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wednesday >

Facebook Seeks Approval as Financial Service in Ireland. Is the Developing World Next?

On April 13 the Financial Times reported that Facebook is only weeks away from being approved as a financial service in Ireland. Is this foray into e-money motivated by Facebook's desire to conquer the developing world before other corporate Internet giants do? Maybe.

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The Rise and Fall of Iran's “Blogestan”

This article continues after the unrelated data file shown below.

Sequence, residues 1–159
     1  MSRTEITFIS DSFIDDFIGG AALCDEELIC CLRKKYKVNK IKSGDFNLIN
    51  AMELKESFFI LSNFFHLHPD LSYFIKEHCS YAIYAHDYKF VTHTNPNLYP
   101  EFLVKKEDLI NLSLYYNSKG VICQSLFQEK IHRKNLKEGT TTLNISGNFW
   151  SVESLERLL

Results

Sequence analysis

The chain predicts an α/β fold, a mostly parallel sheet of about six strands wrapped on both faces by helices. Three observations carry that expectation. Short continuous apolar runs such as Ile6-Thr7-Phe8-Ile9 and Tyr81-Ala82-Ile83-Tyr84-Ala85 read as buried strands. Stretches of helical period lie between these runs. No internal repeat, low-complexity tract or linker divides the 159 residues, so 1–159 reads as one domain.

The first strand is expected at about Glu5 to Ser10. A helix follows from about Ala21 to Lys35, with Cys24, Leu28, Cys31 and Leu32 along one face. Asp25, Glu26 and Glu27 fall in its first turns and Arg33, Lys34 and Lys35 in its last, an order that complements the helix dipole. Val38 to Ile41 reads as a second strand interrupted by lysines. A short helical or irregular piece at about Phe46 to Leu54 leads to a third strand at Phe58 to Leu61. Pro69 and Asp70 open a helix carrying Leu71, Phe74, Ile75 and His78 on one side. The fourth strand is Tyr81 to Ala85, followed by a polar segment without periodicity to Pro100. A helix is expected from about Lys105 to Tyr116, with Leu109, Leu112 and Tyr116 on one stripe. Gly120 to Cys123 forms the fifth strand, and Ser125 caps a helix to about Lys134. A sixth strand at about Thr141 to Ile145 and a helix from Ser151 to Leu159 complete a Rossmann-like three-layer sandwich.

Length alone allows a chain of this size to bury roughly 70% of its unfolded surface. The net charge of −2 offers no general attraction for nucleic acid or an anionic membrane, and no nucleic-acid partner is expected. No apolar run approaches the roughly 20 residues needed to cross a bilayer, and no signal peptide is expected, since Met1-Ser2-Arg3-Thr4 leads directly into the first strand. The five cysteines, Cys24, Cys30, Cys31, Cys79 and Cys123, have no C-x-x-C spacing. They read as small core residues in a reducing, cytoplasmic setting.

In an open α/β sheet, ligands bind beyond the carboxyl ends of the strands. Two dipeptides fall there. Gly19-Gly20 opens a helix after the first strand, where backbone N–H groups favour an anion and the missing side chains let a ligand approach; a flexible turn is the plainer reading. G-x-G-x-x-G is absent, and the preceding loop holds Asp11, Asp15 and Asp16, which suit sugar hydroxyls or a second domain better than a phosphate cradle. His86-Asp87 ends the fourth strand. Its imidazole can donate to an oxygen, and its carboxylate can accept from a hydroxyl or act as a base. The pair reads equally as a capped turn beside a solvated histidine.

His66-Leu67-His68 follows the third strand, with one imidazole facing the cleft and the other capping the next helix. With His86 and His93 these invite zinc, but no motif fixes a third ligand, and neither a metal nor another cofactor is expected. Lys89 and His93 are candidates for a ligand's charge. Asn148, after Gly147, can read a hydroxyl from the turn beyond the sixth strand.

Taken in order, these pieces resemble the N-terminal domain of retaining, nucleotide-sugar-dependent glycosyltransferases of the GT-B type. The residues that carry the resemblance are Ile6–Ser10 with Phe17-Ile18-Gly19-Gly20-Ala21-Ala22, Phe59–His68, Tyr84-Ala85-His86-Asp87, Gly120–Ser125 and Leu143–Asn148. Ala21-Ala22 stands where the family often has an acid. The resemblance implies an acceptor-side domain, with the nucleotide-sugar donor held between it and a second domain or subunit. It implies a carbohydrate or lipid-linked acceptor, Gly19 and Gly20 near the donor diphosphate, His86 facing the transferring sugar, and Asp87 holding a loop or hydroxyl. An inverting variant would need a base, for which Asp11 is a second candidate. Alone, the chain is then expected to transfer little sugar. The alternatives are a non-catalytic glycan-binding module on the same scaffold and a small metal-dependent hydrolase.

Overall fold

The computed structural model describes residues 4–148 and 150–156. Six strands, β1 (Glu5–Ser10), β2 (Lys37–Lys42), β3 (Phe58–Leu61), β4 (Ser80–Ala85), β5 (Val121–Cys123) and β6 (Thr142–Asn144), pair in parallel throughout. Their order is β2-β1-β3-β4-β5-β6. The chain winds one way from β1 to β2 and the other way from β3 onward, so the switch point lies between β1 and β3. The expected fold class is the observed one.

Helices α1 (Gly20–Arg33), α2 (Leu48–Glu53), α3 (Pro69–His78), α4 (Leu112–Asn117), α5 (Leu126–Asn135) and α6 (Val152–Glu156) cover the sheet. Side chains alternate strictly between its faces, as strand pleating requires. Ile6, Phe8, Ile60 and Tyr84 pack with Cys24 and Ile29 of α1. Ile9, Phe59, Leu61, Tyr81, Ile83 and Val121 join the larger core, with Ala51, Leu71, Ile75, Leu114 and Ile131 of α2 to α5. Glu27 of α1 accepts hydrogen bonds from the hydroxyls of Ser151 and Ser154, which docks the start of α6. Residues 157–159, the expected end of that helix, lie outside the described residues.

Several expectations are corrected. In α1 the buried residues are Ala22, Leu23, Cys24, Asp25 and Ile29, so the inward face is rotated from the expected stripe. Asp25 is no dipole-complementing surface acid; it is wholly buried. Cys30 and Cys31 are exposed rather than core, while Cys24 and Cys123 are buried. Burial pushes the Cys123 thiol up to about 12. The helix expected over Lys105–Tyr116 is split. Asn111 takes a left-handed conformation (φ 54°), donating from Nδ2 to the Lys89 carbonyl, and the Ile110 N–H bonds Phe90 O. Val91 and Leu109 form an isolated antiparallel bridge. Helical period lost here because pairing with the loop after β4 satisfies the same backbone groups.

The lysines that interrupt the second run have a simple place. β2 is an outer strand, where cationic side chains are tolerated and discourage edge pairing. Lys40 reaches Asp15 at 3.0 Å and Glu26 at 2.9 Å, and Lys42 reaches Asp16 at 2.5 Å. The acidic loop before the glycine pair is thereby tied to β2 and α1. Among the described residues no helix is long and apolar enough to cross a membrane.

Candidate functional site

The robust community of Iranian bloggers—sometimes nicknamed “Blogestan”—has shrunk since its heyday between 2002 – 2010. “Whither Blogestan,” a recent report from the University of Pennsylvania's Iran Media Program sought to find out how and why. The researchers performed a web crawling analysis of Blogestan, survey 165 Persian blog users, and conducted 20 interviews with influential bloggers in the Persian community. They found multiple causes of the decline in blogging, including increased social media use and interference from authorities.

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tuesday >

Weekly Readings: What the Govt Wants to Know

A roundup of interesting reads and stories from around the web. GO

Russia to Treat Bloggers Like Mass Media Because "the F*cking Journalists Won't Stop Writing"